Australia: Civil Disputes Act 2011: pre-litigation requirements: what businesses should know

Last Updated: 19 September 2011

Article by Micah Jenkins, Susan Moran

Businesses will need to review their dispute resolution processes in light of the new Civil Dispute Resolution Act 2011 (Cth) ('the Act'). The new Act commenced on 1 August 2011 and requires all parties to civil disputes wanting to commence Federal Court or Federal Magistrates Court proceedings to take 'genuine steps' to resolve their dispute before applying to those courts. The Act builds on the Government's policy of ensuring early resolution of disputes without having to resort to costly and time-consuming litigation.

The requirement to take 'genuine steps'

The Act requires:

  • Applicants to file a 'genuine steps statement' detailing what steps they have taken to resolve the dispute prior to commencing proceedings, or if they have not taken any steps, the reasons why not; and
  • Respondents to file a 'genuine steps statement' specifying whether they agree with the applicant's statement and, if not, why not.

How will the requirement to take 'genuine steps' affect my business?

The Act will impact on a wide variety of legal issues affecting businesses. Most notably, it will affect a business':

  • Contractual disputes;
  • Standard contractual dispute resolution clauses;
  • Dispute resolution policies and procedures;
  • Standard letter of demand.

What are considered 'genuine steps'?

No specific 'genuine steps' are prescribed by the Act so as to allow parties to develop flexible dispute resolution methods to meet their needs in the pre-litigation stages.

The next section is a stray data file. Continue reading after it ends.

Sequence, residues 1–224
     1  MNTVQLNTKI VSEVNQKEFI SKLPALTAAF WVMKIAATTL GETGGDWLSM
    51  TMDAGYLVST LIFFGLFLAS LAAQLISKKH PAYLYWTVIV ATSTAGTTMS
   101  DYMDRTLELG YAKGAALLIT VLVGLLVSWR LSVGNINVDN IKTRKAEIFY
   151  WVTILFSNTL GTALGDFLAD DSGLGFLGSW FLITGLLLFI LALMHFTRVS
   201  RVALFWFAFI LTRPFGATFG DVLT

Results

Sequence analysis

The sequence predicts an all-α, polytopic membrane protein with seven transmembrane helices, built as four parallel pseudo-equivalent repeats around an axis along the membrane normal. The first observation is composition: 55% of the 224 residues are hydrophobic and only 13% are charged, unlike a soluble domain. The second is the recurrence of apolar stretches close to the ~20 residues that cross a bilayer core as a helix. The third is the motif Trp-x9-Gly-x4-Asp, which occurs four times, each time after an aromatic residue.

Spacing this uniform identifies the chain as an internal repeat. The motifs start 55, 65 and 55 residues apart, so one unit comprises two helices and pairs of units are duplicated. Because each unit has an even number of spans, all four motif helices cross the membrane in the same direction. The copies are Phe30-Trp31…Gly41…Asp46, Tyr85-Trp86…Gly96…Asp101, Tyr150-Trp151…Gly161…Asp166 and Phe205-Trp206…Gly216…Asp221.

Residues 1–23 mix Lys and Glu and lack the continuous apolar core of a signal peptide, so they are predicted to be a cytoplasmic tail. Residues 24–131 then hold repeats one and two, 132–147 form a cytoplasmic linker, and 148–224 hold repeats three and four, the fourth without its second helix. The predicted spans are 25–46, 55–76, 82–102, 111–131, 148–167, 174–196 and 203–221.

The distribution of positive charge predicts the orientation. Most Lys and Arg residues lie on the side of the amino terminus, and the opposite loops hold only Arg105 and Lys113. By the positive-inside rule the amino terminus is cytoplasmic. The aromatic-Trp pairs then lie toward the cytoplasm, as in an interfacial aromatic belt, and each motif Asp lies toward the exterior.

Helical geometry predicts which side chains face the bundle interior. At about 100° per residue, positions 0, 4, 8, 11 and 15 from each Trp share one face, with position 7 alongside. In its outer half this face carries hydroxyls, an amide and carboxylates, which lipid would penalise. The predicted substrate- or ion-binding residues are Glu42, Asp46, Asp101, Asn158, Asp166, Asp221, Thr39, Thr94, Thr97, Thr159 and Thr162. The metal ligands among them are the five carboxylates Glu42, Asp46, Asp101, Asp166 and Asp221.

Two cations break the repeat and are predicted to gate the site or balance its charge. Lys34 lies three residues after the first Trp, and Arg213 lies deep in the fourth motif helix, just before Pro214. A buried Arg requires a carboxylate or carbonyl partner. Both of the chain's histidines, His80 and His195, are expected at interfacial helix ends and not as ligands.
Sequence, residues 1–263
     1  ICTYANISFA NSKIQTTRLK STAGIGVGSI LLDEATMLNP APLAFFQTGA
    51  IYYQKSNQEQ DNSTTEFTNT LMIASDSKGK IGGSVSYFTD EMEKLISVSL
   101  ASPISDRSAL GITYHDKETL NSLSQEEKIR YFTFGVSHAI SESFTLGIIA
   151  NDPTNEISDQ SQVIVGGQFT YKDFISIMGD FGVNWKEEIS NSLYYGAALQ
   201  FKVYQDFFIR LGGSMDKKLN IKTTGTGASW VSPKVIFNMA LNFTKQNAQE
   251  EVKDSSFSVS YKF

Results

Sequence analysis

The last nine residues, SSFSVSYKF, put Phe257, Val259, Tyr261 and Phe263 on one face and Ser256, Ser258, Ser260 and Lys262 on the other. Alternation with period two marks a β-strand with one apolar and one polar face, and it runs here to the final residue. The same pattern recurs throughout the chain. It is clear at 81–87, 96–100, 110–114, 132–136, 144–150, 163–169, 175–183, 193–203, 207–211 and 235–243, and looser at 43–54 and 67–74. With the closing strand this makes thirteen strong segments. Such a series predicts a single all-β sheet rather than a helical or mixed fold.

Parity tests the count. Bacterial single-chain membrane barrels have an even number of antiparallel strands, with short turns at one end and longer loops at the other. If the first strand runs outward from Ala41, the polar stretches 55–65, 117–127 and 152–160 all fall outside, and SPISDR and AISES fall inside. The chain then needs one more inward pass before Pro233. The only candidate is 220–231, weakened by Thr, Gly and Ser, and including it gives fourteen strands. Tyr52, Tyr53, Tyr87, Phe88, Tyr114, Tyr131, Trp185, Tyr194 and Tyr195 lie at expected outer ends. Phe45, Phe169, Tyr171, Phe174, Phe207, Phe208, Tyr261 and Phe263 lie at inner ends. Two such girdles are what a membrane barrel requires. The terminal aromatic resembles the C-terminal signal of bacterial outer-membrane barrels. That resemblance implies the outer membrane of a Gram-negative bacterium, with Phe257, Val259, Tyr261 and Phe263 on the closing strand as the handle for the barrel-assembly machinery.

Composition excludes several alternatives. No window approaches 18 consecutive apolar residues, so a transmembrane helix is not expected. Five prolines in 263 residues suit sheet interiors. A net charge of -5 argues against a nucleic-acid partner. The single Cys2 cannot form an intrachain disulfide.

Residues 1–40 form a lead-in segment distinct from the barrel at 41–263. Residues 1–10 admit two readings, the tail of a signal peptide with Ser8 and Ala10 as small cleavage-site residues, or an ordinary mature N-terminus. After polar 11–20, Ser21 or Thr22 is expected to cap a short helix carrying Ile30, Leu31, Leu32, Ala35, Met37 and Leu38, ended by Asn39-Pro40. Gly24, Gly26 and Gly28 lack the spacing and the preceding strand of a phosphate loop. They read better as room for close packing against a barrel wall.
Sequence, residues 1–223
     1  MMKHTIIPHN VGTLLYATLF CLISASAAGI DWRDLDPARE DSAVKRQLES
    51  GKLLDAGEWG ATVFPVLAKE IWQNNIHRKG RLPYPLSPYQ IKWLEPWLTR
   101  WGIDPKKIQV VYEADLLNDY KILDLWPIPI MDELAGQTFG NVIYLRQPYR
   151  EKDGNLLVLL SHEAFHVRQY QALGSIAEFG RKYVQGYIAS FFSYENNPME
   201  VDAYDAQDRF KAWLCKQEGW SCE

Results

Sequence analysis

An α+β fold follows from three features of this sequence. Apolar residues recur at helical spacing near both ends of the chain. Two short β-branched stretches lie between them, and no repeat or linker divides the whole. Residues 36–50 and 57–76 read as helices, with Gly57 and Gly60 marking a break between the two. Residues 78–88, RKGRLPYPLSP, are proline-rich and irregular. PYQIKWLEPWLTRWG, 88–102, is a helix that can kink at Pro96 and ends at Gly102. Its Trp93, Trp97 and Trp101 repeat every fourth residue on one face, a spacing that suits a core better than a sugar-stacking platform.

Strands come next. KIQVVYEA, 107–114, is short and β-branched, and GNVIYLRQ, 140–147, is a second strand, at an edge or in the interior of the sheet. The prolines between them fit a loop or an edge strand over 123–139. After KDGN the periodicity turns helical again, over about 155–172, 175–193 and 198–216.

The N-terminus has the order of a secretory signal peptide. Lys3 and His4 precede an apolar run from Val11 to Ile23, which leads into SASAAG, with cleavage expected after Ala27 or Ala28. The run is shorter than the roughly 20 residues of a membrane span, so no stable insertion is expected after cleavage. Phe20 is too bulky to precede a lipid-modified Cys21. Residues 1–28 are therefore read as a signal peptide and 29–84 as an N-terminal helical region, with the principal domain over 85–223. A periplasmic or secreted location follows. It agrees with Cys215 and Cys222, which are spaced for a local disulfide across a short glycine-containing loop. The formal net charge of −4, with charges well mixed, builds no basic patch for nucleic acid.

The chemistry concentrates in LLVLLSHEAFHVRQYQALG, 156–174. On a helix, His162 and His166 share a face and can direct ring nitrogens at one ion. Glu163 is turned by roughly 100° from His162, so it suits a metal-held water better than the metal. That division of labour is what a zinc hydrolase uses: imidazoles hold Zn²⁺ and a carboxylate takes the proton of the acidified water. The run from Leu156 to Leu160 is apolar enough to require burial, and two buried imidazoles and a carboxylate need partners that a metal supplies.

A party is considered to have taken 'genuine steps' to resolve a dispute when they have made a sincere and genuine attempt to resolve the dispute, having regard to the party's circumstances and the nature and circumstances of the dispute. The Act provides a non-exhaustive list of examples of 'genuine steps' including:

  • Notifying the other party of the issues in dispute and offering to discuss these with them with a view to resolving the dispute;
  • Responding to any such notification;
  • Providing relevant information and documents to the other party to enable them to understand the issues involved and how the dispute might be resolved;
  • Considering whether the dispute could be resolved through another alternative dispute resolution process;
  • Attempting to negotiate with the other party with a view to resolving some or all of the issues in dispute.

Matters excluded from the requirement to take 'genuine steps'

The Act will apply to all federal civil law disputes except to proceedings under certain Acts or except in situations where it may be impractical or inappropriate. Examples of disputes which are excluded from the need to take 'genuine steps' include disputes under the Family Law Act 1975 and the Fair Work Act 2009.

Similarly, the requirements of the Act do not apply to:

  • Proceedings relating to a civil penalty;
  • Appeals;
  • Ex parte proceedings;
  • Proceedings involving a vexatious litigant.

Who will be affected by the Act?